New interactive maps help communities explore and plan for climate change impacts
Interior Health has taken an innovative approach to exploring climate change by creating Community Health and Climate Change maps.
“Recent events have demonstrated the importance of planning and preparing for natural disasters associated with climate change,” says Interior Health president and CEO, Susan Brown. “These new Community Health and Climate Change maps will support the safety and wellbeing of people living across the region and we encourage everyone to take the opportunity now to plan for the effects of climate change.”
The Community Health and Climate Change maps will help governments and partners in their municipal planning by helping them understand climate-sensitive areas that could impact their building or expansion projects. The maps, created by Interior Health’s Healthy Communities program, focuses on four commonly experienced climate-related hazards in B.C.:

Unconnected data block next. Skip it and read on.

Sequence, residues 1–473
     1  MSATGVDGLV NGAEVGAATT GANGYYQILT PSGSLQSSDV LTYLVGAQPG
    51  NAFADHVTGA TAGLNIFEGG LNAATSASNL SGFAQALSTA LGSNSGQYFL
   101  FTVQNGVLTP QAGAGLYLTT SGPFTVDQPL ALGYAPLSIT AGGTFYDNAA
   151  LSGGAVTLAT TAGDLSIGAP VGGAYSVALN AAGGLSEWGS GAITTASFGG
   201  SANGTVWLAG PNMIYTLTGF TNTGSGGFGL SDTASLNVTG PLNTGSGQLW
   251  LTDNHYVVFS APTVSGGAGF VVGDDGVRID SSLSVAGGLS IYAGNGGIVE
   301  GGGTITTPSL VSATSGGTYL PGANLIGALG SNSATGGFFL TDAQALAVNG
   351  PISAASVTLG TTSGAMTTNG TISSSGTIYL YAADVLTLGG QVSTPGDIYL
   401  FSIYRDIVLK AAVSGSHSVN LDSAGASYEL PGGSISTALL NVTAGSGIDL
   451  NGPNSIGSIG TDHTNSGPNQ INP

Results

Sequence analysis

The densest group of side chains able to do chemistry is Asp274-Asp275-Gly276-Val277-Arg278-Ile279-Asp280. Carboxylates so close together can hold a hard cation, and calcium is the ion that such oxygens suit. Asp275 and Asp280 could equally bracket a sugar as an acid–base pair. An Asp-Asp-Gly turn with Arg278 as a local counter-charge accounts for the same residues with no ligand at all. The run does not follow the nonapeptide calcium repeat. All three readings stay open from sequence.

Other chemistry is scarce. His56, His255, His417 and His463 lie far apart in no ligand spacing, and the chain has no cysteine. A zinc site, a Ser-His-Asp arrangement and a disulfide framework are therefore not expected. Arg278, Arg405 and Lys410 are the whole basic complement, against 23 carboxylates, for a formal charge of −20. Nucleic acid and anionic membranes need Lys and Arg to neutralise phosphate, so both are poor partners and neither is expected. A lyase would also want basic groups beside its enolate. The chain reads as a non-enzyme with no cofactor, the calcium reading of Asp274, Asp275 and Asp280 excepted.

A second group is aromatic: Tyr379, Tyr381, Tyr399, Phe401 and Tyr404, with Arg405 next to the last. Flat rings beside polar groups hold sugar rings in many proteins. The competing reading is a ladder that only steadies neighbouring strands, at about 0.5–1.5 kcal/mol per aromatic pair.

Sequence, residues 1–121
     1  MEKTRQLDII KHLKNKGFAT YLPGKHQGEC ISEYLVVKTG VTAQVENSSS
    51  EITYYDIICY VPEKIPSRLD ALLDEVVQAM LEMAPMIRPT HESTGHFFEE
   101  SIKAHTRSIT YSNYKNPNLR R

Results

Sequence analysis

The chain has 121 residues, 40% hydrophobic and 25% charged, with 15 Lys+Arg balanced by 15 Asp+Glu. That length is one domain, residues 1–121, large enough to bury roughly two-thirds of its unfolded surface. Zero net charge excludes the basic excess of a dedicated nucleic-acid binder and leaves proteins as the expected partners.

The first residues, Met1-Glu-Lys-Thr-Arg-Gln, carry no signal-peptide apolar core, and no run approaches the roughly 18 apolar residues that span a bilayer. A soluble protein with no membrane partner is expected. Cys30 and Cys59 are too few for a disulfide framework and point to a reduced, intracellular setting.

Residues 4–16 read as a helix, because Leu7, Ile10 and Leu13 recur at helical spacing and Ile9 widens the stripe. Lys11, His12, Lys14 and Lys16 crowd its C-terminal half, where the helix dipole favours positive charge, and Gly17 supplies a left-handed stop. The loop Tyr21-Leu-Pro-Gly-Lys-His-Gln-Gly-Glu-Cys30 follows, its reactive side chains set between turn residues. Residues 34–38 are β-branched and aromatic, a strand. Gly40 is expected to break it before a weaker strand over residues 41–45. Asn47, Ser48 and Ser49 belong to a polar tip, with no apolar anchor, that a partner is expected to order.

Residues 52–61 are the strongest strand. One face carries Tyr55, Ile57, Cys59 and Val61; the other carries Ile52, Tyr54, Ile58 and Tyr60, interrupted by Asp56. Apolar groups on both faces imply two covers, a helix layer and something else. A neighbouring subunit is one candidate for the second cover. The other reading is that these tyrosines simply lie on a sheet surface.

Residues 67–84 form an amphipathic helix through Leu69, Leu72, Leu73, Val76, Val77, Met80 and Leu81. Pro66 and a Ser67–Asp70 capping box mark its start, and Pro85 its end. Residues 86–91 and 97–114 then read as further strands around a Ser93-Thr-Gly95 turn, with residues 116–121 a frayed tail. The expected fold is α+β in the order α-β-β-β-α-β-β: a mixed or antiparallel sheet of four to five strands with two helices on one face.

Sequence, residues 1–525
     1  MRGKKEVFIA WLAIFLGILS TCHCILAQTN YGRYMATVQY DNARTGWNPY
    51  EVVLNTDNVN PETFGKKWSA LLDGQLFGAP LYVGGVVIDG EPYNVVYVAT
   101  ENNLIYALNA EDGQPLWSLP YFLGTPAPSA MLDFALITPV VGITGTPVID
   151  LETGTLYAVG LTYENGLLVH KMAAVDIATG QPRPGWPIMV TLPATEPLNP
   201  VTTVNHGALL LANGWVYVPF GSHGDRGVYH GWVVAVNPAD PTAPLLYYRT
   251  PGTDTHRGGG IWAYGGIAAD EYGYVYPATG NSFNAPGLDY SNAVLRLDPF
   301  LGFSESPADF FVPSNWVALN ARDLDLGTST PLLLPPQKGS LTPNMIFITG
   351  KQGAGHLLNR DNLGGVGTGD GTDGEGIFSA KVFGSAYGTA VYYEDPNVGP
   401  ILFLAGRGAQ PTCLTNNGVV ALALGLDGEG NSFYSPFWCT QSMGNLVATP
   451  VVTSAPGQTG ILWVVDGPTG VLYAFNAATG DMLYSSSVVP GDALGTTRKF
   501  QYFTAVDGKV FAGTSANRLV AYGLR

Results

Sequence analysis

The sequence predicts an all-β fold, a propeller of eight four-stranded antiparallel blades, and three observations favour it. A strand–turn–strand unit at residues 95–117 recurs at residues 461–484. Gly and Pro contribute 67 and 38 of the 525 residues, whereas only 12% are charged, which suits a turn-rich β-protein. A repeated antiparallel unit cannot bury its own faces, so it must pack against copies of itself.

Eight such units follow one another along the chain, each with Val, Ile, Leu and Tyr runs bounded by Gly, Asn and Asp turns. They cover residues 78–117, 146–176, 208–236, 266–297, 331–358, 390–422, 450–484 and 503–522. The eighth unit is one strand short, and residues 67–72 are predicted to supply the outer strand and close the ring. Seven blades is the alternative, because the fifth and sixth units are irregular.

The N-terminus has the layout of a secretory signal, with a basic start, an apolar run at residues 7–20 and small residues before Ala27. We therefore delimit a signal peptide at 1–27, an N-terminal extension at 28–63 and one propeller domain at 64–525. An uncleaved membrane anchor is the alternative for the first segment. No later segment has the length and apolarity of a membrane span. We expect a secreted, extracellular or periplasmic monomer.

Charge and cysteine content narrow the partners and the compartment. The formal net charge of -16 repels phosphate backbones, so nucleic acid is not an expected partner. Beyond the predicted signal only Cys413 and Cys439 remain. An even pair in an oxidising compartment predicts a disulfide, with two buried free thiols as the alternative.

· High Temperatures
· Low Temperatures
· Wildfire Smoke
Maps have also been developed separately for each of the regional districts within Interior Health to help local leaders understand the impact of climate change. For help navigating the maps, please refer to this guide.
“The maps show the communities that are most vulnerable to different climate hazards and allow us to focus our efforts and work together to plan and prepare,” says Dr. Sue Pollock, Chief Medical Health Officer. “For example, the maps show communities that may be more affected by heat; this information helps us identify appropriate actions that communities can take in order to keep people healthy and safe.”
The Community Health and Climate Change maps are a snapshot in time that project risks and probability related to weather-related events in the Interior. They support affected communities through readiness and planning, and build resilience through scenario-based planning for mitigation, and natural disaster support for communities. The maps will not only help with city planning, but can also effectively define resource allocation during natural disasters.
The maps will also be used to deepen collaboration with Indigenous and non-Indigenous communities as we work towards the common goal of supporting healthy communities as our climate changes.
To learn more, visit Interior Health’s climate resiliency & planning webpage.